the Fayoum in Egypt and is thought to have been the galleries, chambers and
passages of a huge funerary temple complex attached to the pyramid of the
Middle Kingdom pharaoh Amenemhat III.
This great structure was described by ancient writers such as Herodotus
and Strabo as containing as many as 3,000 rooms all of which were elaborately
decorated with images and hieroglyphic texts.
The exact location of this ancient labyrinth has been lost since
antiquity, but modern archaeological expeditions, such as the Mataha Expedition
to Hawara in 2008, have been slowly uncovering what remains of this vast
ancient complex using modern technology.
Labyrinths in the Middle Ages
The Middle Ages in Europe was the time when the great Gothic
cathedrals were built and pilgrimages to holy shrines were considered to be an
important part of spiritual life. For those
who could not travel many of these vast stone cathedrals had labyrinths created
in them, carved into the stones of the floors, which allowed the worshipper to
walk in meditation, prayer or repentance in lieu of undertaking an arduous and potentially
expensive pilgrimage. It is known that
the clergy would dance in the labyrinths during the Easter season and they were
also thought to be symbolic of the long and difficult journeys that many
pilgrims had undergone to visit the shrines housed in the cathedrals. Many of
these labyrinths have either been removed or destroyed over the centuries, but
a very good example still survives in Chartres Cathedral. The Chartres Cathedral labyrinth was created
on the floor of the nave below the famous Rose Window over the West Door during
the early years of the 13th century and is an eleven circuit
labyrinth divided into quadrants.
Labyrinths and the Inner Journey
Labyrinths have enjoyed something of a revival in recent
years, as people in the West have started exploring meditation and the inner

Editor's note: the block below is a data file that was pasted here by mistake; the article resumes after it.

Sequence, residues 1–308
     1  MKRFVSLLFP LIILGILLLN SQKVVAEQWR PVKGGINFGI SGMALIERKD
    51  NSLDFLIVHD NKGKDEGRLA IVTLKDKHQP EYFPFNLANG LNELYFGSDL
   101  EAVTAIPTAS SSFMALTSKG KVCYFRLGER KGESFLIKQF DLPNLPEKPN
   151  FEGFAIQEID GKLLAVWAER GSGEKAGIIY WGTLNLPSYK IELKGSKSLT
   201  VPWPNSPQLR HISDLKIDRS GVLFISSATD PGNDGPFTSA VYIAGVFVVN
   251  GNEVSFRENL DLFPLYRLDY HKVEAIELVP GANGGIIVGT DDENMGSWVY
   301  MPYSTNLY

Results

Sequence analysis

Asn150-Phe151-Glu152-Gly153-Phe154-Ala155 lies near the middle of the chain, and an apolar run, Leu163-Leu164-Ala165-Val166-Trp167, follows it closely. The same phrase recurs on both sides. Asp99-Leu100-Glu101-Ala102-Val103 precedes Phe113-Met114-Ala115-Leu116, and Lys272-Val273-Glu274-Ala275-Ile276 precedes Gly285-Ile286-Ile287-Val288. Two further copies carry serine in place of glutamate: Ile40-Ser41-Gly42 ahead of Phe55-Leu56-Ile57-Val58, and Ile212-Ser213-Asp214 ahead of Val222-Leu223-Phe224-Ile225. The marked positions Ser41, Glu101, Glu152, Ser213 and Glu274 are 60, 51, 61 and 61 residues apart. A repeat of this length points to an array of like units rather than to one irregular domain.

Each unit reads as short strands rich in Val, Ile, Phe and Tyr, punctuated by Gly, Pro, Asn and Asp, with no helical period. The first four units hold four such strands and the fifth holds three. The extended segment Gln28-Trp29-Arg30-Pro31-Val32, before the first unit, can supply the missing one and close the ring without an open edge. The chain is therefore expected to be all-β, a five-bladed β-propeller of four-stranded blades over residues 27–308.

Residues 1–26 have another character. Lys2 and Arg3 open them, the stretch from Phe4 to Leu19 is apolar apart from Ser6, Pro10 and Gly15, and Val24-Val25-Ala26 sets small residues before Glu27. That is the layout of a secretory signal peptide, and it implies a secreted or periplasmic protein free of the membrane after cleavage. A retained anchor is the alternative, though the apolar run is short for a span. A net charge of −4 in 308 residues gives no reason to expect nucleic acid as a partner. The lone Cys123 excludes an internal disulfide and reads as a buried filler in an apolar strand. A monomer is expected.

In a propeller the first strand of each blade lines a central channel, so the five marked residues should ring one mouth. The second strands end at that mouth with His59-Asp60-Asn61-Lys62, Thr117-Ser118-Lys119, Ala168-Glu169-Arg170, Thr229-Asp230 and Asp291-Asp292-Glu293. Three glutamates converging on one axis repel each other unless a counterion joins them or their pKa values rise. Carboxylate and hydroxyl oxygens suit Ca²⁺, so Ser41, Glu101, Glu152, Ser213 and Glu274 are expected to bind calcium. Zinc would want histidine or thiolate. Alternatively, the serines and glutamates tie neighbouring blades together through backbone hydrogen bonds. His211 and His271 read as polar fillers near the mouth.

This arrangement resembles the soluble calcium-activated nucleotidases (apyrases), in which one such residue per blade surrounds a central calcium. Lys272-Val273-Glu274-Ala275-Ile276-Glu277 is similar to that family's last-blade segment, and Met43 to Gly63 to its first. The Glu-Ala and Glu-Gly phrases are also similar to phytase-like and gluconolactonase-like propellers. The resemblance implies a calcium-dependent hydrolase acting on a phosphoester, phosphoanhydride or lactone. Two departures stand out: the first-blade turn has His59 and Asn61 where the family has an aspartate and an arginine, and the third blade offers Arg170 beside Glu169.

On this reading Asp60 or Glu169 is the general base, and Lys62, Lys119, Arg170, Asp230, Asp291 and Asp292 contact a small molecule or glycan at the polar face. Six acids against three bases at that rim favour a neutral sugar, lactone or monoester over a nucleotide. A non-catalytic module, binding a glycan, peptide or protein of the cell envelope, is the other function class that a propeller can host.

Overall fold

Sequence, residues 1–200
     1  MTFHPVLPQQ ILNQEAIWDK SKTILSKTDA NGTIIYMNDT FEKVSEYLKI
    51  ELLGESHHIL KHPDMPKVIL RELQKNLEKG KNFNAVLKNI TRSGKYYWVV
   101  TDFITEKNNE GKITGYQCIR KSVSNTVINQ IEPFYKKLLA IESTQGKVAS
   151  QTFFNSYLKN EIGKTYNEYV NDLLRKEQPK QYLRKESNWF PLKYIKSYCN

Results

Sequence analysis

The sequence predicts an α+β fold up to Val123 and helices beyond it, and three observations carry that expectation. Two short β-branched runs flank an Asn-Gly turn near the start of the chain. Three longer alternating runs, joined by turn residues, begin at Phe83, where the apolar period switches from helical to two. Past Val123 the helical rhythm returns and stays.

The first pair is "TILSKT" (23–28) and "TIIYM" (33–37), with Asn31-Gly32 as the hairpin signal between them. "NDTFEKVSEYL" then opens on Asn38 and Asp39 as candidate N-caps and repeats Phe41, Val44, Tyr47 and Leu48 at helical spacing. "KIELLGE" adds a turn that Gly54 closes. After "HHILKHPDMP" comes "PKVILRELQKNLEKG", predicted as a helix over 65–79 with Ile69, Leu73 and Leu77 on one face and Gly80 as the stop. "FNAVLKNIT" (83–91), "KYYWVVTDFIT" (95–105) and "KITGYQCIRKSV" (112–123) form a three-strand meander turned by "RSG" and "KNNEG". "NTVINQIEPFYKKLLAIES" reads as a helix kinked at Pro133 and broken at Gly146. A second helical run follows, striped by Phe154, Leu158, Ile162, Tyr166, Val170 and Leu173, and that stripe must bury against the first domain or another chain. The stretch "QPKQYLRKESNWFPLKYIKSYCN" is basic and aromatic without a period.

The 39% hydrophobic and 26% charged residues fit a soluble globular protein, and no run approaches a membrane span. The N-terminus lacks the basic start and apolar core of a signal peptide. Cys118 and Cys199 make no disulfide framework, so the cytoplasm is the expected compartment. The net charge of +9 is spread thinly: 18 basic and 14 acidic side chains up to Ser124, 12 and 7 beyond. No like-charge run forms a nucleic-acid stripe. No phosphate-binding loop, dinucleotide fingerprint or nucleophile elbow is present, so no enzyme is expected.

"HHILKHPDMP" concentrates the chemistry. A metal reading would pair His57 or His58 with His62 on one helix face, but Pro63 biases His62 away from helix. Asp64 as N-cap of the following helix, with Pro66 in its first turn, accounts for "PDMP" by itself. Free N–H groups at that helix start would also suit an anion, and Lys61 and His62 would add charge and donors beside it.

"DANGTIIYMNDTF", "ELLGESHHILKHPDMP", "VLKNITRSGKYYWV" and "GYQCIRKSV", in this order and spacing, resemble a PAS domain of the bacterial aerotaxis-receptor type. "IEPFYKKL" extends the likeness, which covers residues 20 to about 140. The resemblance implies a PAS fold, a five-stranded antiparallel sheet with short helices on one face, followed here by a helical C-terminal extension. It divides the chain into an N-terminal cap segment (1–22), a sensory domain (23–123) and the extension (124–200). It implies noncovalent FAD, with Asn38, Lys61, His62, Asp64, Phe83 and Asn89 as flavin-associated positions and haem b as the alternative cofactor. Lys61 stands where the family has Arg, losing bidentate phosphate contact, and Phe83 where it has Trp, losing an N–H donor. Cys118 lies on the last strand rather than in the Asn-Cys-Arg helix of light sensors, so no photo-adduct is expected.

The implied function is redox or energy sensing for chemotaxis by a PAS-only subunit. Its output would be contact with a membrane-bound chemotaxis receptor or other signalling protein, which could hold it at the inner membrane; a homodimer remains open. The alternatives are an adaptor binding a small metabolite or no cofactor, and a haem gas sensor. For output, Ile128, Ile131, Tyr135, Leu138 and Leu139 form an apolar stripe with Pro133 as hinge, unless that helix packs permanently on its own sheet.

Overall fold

journey in greater numbers. If you want
to undertake this form of walking meditation, you can create your own temporary
labyrinth on the floor with sand, flour, masking tape or string. If you want something a bit more permanent,
you could paint one on some canvas or even a sheet to lie down across the
ground when you needed it. And, of
course, real devotees with the space and money could have one carved into the
floor, marked out with stones or even a topiary labyrinth planted in the back
Remember though that although labyrinths always lead you to the
same place, the very centre, that your own journey to get there will be unique
and personal to you. This is not
something that you can do ‘wrong’ and every time that you undertake the journey
it will be different. It can be likened
to your life path, and the deeper you penetrate into the labyrinth, the closer
that you will come to the meaning and centre of your current existence. If you
are meditating and walking as a group it can be very beneficial and interesting
to share your experiences, but do not allow yourself to be pressured to do so
and never compare your experience to someone else’s. You are at your own unique point in your spiritual
journey and the speed at which you move and what your soul chooses to experience
is a very individual and sacred choice.